“Plants and design have always played a central role in my life,” says Matthew Cunningham, founding principal of Matthew Cunningham Landscape Design LLC (MCLD, matthewcunningham.com) and educator at the Harvard Graduate School of Design. “I was born and raised in rural Maine, and my connection to the land is very strong.” is bond to the earth is likely behind his expert designs that transform the average backyard garden into a serene and dreamy oasis. “A well-curated garden, when combined with carefully choreographed interior and exterior spaces, can make an enormous di erence in one’s life. It has been proven over and over again that having connections to green space can reduce cortisol levels and positively impact people’s emotional well-being,” he explains. And from small ower pots on a city terrace to an expansive suburban backyard, there’s no boundaries to what a bit of greenery can accomplish.
Each one of Cunningham’s projects evokes a Zen-like feeling thanks to the specially curated native plants and other lush surroundings.
What are the building blocks to making a great garden? For me, a good garden is one that is thoroughly rooted to its context and that blends high function and environmentally sincere thinking with beautifully crafted details. MCLD’s landscapes utilize native plants whenever possible—the intent is to use plants to connect people to place and to create plant communities that nourish the surrounding ora and fauna, exhibit excellent drought and disease tolerance and require less maintenance than conventional ornamental species. I believe a good garden will provide multiseasonal interest, combine materials that satisfy the eye and, most importantly, be arranged in ways to support our modern lifestyles.
What are some of your favorite plants or owers? I have lots of personal favorites—both native and indigenous trees, shrubs and perennials, as well as hybrid and domesticated species that have high ornamental value as well as signi cant ecological value. For far too long, native plants have been viewed as ‘weedy,’ and I work hard to push a vastly di erent narrative. Our landscapes can still support life, be far healthier and resilient, and still be ‘chic.’ We’re seeing a major switch in how people want to live on their land, and I am so excited about where we are headed.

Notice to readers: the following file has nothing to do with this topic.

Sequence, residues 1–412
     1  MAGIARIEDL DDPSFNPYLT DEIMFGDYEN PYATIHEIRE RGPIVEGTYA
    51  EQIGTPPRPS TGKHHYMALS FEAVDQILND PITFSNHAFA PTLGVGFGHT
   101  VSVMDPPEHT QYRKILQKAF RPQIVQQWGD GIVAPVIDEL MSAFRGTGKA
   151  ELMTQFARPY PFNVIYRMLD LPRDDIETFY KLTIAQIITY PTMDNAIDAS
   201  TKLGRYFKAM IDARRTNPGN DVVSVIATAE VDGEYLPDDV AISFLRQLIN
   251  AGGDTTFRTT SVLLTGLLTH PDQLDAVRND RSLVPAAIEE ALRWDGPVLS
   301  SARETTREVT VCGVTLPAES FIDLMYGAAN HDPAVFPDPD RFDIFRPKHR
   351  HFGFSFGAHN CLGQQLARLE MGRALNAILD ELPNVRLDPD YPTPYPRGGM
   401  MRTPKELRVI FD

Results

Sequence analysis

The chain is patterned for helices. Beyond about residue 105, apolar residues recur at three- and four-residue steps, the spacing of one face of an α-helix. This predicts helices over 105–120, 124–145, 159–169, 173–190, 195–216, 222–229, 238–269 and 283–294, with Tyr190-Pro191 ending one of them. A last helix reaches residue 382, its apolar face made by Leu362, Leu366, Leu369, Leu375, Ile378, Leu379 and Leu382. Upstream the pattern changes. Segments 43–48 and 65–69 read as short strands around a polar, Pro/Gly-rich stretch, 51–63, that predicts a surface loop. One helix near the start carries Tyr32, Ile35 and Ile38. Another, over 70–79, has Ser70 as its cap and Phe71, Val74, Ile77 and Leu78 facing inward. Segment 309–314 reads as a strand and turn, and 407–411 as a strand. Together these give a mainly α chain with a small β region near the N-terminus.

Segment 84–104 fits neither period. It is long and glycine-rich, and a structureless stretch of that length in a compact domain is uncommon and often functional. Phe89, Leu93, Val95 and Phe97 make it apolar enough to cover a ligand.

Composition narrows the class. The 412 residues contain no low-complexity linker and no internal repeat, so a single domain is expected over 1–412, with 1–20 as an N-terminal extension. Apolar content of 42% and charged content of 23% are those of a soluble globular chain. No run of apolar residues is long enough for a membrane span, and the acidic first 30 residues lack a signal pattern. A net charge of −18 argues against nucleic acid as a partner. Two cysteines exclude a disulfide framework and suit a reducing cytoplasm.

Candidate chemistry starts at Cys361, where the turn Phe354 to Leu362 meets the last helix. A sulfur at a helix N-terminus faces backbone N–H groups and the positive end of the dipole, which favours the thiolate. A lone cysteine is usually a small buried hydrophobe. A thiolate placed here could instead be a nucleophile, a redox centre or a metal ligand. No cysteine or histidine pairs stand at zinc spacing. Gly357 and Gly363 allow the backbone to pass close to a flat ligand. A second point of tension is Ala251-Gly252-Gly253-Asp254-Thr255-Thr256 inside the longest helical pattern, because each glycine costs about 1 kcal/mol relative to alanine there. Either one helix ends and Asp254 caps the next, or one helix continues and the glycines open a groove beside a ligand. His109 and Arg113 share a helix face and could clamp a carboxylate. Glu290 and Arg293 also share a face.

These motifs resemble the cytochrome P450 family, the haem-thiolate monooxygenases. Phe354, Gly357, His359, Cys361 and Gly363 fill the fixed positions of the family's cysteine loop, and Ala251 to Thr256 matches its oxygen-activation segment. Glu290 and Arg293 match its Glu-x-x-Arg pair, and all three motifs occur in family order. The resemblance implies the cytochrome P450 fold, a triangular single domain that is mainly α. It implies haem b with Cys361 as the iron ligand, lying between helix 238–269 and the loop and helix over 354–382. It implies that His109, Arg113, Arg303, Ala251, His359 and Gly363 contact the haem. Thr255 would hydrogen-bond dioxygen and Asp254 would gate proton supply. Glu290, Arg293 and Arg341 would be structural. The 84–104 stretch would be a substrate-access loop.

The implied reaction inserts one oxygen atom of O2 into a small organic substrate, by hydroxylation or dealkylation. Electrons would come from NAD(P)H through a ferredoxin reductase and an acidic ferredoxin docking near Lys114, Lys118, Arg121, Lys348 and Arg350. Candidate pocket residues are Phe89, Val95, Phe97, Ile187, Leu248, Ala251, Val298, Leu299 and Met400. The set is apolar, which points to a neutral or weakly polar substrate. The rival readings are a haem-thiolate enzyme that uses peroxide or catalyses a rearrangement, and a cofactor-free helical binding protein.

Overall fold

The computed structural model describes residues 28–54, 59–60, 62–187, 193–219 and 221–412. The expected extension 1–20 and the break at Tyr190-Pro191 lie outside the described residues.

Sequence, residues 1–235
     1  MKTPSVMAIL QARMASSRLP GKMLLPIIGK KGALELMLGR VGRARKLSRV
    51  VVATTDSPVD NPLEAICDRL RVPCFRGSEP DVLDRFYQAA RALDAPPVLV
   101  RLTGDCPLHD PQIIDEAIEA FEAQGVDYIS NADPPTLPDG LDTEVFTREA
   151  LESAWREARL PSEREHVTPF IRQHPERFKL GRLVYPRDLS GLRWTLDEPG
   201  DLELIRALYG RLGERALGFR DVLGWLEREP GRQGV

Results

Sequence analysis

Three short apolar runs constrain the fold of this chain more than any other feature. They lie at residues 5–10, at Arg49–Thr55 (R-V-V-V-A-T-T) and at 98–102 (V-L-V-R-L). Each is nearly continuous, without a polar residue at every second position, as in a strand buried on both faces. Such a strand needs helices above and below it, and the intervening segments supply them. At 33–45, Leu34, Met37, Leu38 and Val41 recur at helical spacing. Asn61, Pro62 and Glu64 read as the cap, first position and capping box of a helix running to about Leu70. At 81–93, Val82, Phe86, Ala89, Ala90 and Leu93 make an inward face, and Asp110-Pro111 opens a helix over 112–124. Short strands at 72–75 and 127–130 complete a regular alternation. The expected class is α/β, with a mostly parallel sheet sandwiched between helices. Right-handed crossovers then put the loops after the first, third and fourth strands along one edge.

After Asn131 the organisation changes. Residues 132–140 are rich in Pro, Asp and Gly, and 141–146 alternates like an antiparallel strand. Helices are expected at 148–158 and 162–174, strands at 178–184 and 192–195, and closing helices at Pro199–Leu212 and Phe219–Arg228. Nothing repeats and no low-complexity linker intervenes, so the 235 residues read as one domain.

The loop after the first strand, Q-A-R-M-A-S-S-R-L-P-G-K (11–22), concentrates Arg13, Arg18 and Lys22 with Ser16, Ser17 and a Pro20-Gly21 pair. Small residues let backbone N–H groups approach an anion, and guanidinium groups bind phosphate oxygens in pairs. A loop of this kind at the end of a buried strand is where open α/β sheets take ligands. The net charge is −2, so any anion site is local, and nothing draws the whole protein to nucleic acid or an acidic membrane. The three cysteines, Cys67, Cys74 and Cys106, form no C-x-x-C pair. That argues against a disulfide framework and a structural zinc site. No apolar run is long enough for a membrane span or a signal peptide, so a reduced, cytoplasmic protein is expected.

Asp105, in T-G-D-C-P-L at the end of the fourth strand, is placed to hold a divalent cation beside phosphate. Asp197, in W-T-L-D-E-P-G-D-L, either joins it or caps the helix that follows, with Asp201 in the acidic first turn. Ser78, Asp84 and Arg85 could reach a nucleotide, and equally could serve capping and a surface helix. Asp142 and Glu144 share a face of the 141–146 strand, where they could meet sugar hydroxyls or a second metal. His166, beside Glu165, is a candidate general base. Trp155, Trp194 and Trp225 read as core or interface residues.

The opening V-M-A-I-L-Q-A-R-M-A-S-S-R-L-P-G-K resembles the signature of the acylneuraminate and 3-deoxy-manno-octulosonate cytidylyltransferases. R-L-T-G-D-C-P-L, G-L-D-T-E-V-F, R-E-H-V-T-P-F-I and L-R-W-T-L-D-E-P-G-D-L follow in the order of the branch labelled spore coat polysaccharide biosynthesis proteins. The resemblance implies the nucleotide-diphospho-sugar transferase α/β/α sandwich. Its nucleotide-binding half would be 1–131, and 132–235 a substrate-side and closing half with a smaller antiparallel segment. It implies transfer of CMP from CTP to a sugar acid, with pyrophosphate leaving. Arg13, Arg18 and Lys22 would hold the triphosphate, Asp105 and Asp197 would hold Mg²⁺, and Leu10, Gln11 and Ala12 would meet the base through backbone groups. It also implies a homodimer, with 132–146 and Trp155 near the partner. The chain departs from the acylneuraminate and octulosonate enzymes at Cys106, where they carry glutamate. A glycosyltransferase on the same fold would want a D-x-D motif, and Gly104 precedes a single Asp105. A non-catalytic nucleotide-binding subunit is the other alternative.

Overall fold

Blooming hydrangeas take the forefront in one garden area that overlooks the water
LET’S BREAK IT DOWN. WHAT ARE YOUR TOP TIPS FOR CREATING A BEAUTIFUL GARDEN?
1. STUDY YOUR SURROUNDINGS.
First and foremost, any garden my firm creates must be connected to its surrounding context. We do this by thoroughly studying the topography, soils, exposure, hydrology and various neighborhood patterns that surround any site. We see the first meeting with our clients as an important time and place to share with them the inherent opportunities and constraints of their land—this informs all aspects of a project, from start to finish.
2. REUSE AND RECLAIM.
We utilize a lot of reclaimed and salvaged stone in our work—this allows our landscapes to feel quickly established and weathered. There are numerous benefits to working with reclaimed materials—from reductions in carbon footprints to the preservation of important resources.
3. PAY ATTENTION TO YOUR SOIL!
Any time you can add organic materials such as compost and leaf litter, do so. It will benefit the mycorrhizae and fungal conditions of your soils, and you’ll be amazed by how lush and healthy your plants will be.
A combination of hardscaping and landscaping leaves clients with whimsical green spaces.
4. CONSIDER A CLOVER LAWN.
Clover lawns exhibit excellent drought tolerance, require little to no added fertilizers, can be mown about 50% less than a conventional lawn, and they are beautiful too. Leave the golf course-style turf at the country club and embrace something that is more sustainable and ecologically friendly. You won’t regret it.
5. LET THE LAND THRIVE.
Gardens evolve. Embrace this notion and stop trying to tame every single inch of your land.Fighting nature is futile and, frankly, counterproductive. Once we switch into a land management mindset, rather than a conventional landscape maintenance one, the opportunities to reduce our dependence on petroleum are vast. We can and should live more lightly with the land.
Use hardscape thoughtfully and artistically. I’d much rather spend time in a garden that uses stone purposefully than in one that feels overdone and rigid.
7. DETAILS, DETAILS.
Any time you can integrate garden ornamentation into your landscape, you’ll find that these embellishments will create a personalized connection that builds important layers of personal history and emotion to your land.